During the late 1960’s and into 1970 there were a series of cross-border confrontations between Egypt and Israel in the Sinai (the so-called War of Attrition).
The aggressive Egyptian leader, Gamal Abdel Nasser, died in 1970 and was replaced by Anwar Sadat, who was willing to make a peace agreement if Israel partially withdrew its forces from Sinai. However, over the next two years the Israeli Prime Minister, Golda Meir, persistently refused Egyptian peace offers, making plans to build a port and create settlements at Rafah in the Sinai.
On the afternoon of October 6th 1973, Egypt and Syria launched a joint invasion of Israel. It was Yom Kippur, the Day of Atonement, the holiest day in the Jewish calendar and a national holiday. The Israelis were taken completely by surprise. Golda Meir and her Minister of Defense, Moshe Dayan had not interpreted recent Egyptian and Syrian military concentrations on the Suez Canal and Golan Heights as a prelude to war. Egyptian forces poured across the Suez Canal and their tanks advanced across Sinai. Egypt, equipped with Soviet-made antitank and antiaircraft missiles, repelled Israel’s counterattacks on land and in the air.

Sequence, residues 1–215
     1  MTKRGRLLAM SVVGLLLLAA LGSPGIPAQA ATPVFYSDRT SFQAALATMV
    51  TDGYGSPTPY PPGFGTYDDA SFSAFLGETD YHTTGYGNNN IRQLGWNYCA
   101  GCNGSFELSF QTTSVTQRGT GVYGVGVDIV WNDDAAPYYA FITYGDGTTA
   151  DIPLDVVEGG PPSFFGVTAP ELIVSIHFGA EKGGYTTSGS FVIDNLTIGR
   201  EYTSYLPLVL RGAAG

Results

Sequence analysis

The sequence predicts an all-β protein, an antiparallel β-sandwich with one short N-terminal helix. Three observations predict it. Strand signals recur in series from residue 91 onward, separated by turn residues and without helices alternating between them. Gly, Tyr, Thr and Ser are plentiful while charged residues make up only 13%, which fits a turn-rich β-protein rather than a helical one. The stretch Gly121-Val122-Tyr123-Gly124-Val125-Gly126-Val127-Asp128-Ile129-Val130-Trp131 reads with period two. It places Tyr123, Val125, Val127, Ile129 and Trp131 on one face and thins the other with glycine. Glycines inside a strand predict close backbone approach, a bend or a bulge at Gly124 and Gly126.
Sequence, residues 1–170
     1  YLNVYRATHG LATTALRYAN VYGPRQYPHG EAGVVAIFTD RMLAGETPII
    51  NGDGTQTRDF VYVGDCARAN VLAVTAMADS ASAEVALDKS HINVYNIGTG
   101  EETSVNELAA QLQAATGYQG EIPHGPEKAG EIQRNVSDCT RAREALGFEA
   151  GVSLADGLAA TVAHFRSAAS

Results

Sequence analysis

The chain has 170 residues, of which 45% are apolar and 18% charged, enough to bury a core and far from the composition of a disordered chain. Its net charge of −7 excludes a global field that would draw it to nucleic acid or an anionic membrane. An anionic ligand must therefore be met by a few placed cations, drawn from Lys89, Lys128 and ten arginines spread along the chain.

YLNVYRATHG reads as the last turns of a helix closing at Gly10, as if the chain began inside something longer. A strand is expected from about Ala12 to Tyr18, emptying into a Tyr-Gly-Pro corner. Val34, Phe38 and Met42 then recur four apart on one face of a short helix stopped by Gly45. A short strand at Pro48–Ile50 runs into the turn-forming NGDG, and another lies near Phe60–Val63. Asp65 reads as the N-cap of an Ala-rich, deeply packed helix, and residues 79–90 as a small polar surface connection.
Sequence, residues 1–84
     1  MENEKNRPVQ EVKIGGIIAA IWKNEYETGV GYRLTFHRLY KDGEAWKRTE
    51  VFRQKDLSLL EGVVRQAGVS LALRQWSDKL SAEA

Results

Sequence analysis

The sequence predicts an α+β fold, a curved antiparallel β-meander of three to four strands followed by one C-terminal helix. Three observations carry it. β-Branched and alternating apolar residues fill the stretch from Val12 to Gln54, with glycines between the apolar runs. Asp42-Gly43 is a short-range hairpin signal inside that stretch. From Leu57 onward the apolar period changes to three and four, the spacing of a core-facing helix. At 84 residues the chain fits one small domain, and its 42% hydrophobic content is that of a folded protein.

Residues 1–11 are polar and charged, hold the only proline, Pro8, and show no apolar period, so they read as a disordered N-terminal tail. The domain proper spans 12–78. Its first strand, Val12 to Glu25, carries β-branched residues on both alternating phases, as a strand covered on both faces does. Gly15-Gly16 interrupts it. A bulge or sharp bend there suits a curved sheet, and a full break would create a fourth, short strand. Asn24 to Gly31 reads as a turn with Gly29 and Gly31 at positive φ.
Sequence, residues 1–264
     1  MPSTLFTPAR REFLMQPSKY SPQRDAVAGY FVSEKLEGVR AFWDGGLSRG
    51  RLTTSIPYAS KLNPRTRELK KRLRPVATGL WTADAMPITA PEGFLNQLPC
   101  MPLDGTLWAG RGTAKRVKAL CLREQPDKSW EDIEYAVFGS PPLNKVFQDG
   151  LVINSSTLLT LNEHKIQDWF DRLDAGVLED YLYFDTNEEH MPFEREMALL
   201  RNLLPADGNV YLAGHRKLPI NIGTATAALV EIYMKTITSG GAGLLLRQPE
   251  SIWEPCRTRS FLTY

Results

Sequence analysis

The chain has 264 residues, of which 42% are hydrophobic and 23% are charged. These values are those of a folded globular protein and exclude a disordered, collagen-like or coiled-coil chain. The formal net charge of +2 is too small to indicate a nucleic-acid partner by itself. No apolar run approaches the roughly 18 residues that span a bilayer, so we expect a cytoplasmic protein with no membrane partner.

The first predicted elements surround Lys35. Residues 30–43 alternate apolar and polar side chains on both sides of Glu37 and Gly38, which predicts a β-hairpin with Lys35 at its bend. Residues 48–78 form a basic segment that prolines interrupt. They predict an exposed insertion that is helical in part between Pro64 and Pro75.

In the north, Israeli forces, with just 170 tanks, were driven back on the Golan by far greater Syrian forces with Iraqi support, including 1500 tanks and 1000 artillery pieces. During 3 days of desperate fighting, Israel’s 7th Brigade held the line of hills north of Nafah and, with the help of reserve forces, counterattacked and drove back the Syrians until they were within artillery range of Damascus, the Syrian capital.
Meanwhile, General Ariel Sharon, against Dayan’s advice, led his division across the Suez Canal and attacked the Egyptian army from the rear, as well as cutting off their supplies, and coming within 100 km of Cairo, Egypt’s capital.
Under US and Soviet pressure, a cease-fire was agreed. Although Israel had managed a rapid recovery of nearly all the territory won in 1967, they had been caught badly off guard, casualties had been heavy and defeat had come very close. Golda Meir and Moshe Dayan resigned from the government.